19. How much do you think buying the Coleco name would cost, just out of curiosity? And would that include the ColecoVision name?
  20. I tried the Intellivision only once in my entire life, roughly two decades ago, and after 10 minutes of experiencing that awful controller, I promised myself I would never touch it again. I'm a CV fan, but even if I wasn't, I'd still pick the CV over the Inty any day of the week.
  21. Okay, I'll just re-post the small non-arcade list I included in my other post within the arcade-to-CV thread: 1) Star Wars - The Empire Strikes Back: A port of Atari 2600 game with improved graphics. I'm not sure the CV can handle the horizontal scrolling well enough though, so a word of caution to any homebrew developer who could ever want to port this game: Choppy side-scrolling could ruin the experience. 2) Remakes of the Atari 2600 SwordQuest games: If it was up to me, I would improve the graphics (especially in the mini-games) as well as the music, add a few bells and whistles here and there, and have the hidden clues displayed as words, not page numbers that refer to the comic books. This could really be a fun homebrew project for experienced CV programmers. 3) Adventure: A port of the classic Atari 2600 game with more skill levels, bigger maps and a few more items. I wouldn't want a monster-sized expansion like Indenture though, just something larger than the original world, but not so large as to make a hand-drawn map an absolute necessity. If I may, I'd like to add a fourth choice: 4) Space Shuttle- A Journey Into Space: A port of the Atari 2600 Activision game that would use the CV keypad for control switches (Engines, Cargo Bay Doors, Landing Gear, Status computer screens, etc.). Considering the primitive hardware it was designed for, the original game was a masterpiece in realistic flight simulation, which involved the technical input of some people at NASA. Recreating the game on the CV would be one heck of an achievement.
  22. My take on this subject is that all CV products should be bundled together as a single cartridge for the Nintendo DS. There are a lot of advantages to this proposition: 1) The bottom screen can be configured to "emulate" the expansion modules (drag the steering wheel or the trackball with the stylus, for example), and this would fix the keypad issue once and for all (just press the keypad keys displayed on the touch screen). 2) Since the DS is internet-compatible, you could theoretically download new CV software via an internet wi-fi hot spot. Homebrew heaven, my friends. 3) They could encode virtual game manuals, just like it's done in Activision Anthology for GBA, (only this time they could add some screenshots). 4) Since this would be a Nintendo DS exclusive, getting the rights from Nintendo for the CV versions of Donkey Kong and Donkey Kong Jr shouldn't be too much of a problem. I'm not sure about other arcade games though, but if they can pull off getting the rights for such classics as Venture, Lady Bug, Time Pilot, Pepper II, Mr Do and Zaxxon (just to name a few), this could be one sweet DS product. One question that comes to my mind is whether the top screen of the DS can handle the CV screen resolution. I'm guessing the screen output might need to be compressed vertically, like it was done with the NES games on the GBA...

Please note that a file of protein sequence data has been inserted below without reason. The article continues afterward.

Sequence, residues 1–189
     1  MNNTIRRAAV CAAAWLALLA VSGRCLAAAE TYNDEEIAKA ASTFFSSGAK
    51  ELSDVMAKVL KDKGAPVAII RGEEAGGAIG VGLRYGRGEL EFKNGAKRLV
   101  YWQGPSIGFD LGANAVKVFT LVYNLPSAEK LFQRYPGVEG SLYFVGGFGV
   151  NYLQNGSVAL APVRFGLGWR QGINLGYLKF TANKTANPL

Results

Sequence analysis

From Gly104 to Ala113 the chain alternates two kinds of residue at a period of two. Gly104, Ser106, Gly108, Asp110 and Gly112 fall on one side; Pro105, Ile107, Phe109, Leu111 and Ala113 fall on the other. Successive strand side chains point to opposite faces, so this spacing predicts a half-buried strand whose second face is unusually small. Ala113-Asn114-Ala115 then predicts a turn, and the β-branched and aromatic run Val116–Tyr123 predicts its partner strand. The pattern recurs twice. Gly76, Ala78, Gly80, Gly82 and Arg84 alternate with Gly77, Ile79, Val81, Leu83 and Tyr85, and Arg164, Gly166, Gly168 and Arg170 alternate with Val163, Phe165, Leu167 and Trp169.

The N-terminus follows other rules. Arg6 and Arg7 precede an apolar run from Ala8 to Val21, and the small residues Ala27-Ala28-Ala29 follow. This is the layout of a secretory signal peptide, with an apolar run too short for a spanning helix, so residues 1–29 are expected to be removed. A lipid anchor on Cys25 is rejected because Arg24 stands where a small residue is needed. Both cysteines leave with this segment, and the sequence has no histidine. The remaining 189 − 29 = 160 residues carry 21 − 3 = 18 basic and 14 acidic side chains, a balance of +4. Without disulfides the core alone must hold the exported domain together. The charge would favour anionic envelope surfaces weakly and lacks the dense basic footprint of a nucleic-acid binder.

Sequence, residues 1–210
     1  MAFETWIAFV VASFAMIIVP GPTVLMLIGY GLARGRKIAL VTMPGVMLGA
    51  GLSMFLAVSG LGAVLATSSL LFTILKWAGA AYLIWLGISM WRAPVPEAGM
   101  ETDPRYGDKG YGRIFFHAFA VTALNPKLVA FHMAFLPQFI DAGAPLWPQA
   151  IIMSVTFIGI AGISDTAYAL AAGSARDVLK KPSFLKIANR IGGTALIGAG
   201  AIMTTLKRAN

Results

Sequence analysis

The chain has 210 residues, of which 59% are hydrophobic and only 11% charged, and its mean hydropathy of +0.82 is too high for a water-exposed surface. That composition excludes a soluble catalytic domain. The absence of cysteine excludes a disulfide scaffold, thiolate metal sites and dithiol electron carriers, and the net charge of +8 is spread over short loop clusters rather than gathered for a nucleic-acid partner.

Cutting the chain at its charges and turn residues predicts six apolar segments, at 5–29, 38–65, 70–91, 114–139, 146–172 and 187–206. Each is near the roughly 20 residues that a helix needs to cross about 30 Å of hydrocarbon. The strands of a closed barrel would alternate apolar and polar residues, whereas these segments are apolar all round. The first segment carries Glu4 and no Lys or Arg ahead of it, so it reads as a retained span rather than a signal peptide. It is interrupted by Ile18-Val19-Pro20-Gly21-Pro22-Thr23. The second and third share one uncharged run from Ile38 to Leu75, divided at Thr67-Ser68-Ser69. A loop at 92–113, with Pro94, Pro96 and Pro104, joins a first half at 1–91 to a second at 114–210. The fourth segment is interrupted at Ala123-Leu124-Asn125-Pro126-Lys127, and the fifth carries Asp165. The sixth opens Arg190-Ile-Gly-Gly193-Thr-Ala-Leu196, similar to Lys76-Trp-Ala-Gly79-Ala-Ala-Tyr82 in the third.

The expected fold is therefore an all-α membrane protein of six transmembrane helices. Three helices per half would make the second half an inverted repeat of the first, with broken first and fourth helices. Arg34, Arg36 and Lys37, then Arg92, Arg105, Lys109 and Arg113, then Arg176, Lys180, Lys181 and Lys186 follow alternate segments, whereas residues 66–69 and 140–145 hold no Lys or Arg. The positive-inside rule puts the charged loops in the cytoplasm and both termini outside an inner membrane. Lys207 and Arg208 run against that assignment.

23. My three picks are: 1) Moon Patrol (the real deal, not a prototype like the CV ROM that's floating around the net) 2) Arabian 3) Discs of Tron (could use the trackball expansion module!) Other arcade games that deserve honorable mentions as possible CV ports: - Arkanoid - Asteroids (has it been ported to the CV already? I was too lazy to check...) - Bomberman - Elevator Action - Galaga - Gravitar - Kangaroo - Kung-Fu Master - Lunar Lander - Marble Madness - Mario Bros - Missile Command (another great candidate for the trackball module!) - Pengo - Pooyan - Qix (assuming it's actually possible on the CV) - Quarth - Rip Cord - Robotron 2084 (is it possible without tons of flicker?) - Rally-X - Solomon's Key - Space War - Super Sprint (single-player could use driving expansion module) - Tempest - Vanguard - Wacko (fun trackball game) - Wizard of Wor Since people are going outside the realm of arcade games in this thread, I'd like to voice my own non-arcade CV port wishlist: 1) Star Wars - The Empire Strikes Back (port of Atari 2600 game with improved graphics) 2) Remakes of the SwordQuest games on the CV, with more bells and whistles 3) Adventure (port of Atari 2600 game with more skill levels, bigger maps and more items) 4) Space Shuttle (port of the Atari 2600 Activision game that would use the CV keypad)
×
×
  • Create New...